I do have a response. But it's buried deep, so deep it's pre-thought. I notice I don't have the words for it for now, and looking for them is about as clear as looking through pea soup. Oddly enough, although the background of transformation (whatever it may be) he's asking about, is something with which I live every day of my life (which is to say I live every day of my life with what it allows for, with what it makes possible, with what it results in), I haven't really examined it - at least not until now.


Wait a moment: is this even valid?  Is it valid to claim to live something every day without ever having examined it?

Of course it is. Consider riding a bicycle. We've all done it many, many times. Consider the balancing required riding a bicycle. Balancing is the practical  experience required for riding a bicycle (if you doubt balancing is a "practical" experience, consider what riding a bicycle would look like without it ...). Yet how often do we examine balancing when riding a bicycle? Hardly ever (if at all), yes?

And  ... notice balancing works whether it's examined or not.


Until now, I haven't looked at the background of transformation with intention, with focus. Well ... now's as good a time as any to look. So I put down my fork ... and look.

A few quiet moments tick by. I'm still looking. I haven't spoken yet. I'm still considering exactly what the background of transformation is in my life. And what I notice, occurs newly as a distinction for me. Yet it's been a living everyday experience for the last almost forty years. It's this: transformation (which is to say our personal  transformation) shows up against a background of the world's chaos  ... which is why it's accurate to say personal transformation occurs as a miracle (I say "miracle" here in the same sense as Werner's "A miracle is something that validates who you are rather than diminishes who you are.").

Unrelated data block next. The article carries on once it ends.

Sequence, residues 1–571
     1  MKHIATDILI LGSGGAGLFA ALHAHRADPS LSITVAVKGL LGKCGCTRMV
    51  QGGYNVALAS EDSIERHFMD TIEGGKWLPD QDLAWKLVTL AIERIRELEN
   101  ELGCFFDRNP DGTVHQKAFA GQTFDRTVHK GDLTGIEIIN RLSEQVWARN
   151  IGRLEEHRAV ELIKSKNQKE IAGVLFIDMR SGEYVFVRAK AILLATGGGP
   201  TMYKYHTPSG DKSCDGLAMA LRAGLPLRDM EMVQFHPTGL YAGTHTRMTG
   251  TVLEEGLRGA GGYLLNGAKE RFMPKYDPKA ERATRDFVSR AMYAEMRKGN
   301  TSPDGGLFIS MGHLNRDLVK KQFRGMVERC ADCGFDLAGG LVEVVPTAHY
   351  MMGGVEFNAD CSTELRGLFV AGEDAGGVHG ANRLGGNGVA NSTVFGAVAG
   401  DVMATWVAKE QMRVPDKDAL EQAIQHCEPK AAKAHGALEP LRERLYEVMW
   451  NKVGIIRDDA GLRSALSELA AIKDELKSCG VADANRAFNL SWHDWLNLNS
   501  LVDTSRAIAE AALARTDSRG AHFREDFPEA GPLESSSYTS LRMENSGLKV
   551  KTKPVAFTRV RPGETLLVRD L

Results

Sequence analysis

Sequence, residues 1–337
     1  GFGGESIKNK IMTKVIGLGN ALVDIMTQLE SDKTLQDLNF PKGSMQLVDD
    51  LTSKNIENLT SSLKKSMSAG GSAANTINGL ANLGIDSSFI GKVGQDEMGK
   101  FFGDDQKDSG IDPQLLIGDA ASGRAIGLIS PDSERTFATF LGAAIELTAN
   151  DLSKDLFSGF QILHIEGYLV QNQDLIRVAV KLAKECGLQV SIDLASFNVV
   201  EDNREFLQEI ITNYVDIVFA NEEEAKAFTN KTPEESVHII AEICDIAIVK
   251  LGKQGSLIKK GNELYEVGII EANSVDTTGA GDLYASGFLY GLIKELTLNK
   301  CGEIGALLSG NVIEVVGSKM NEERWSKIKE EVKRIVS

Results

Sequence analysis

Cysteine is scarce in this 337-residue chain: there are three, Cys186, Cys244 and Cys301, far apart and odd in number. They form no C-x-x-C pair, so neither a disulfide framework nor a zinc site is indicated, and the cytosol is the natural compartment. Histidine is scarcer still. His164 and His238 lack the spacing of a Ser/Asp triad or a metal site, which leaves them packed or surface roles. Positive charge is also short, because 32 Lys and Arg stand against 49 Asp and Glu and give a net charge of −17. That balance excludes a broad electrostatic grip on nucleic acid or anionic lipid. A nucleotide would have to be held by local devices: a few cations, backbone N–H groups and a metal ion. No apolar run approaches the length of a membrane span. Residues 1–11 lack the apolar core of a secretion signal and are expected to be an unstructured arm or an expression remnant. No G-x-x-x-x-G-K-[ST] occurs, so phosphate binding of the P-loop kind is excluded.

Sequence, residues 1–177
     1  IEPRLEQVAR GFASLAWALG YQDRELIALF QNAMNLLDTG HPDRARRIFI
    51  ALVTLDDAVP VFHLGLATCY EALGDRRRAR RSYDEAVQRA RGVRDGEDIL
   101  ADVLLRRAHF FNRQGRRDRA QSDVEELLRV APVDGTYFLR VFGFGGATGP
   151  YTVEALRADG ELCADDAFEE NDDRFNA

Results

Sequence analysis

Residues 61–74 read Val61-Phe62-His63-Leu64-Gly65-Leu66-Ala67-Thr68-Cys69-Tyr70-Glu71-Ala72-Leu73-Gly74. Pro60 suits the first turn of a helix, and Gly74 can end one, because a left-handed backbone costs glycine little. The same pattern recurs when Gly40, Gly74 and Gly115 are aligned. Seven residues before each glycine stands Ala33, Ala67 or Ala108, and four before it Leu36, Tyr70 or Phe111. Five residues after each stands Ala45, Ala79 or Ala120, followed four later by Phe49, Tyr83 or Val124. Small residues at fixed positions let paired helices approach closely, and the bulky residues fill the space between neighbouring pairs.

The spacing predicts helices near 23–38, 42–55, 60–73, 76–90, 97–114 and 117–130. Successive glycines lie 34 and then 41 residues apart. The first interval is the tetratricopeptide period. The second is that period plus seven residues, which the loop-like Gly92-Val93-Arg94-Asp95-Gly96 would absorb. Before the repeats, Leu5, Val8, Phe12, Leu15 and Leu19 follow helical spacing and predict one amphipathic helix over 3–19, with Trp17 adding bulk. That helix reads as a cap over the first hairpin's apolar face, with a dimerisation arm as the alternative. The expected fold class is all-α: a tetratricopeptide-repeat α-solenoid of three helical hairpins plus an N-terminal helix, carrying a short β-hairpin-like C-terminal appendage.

The onset of transformation is a (if not the)  defining moment when a human being becomes source of their own life ie when a human being assumes responsibility for their own experience ie when a human being creates themselves anew. Transformation, it could also be said, is simply being with what's there. As stupid as it sounds, it's true there's a sense of joy with simply being with what's there. There's a sense of ecstasy which goeswith  transformation (as Alan Watts may have said). There's also a sense of victory  which goeswith transformation, a palpable sense of victory. It's the victory over the past.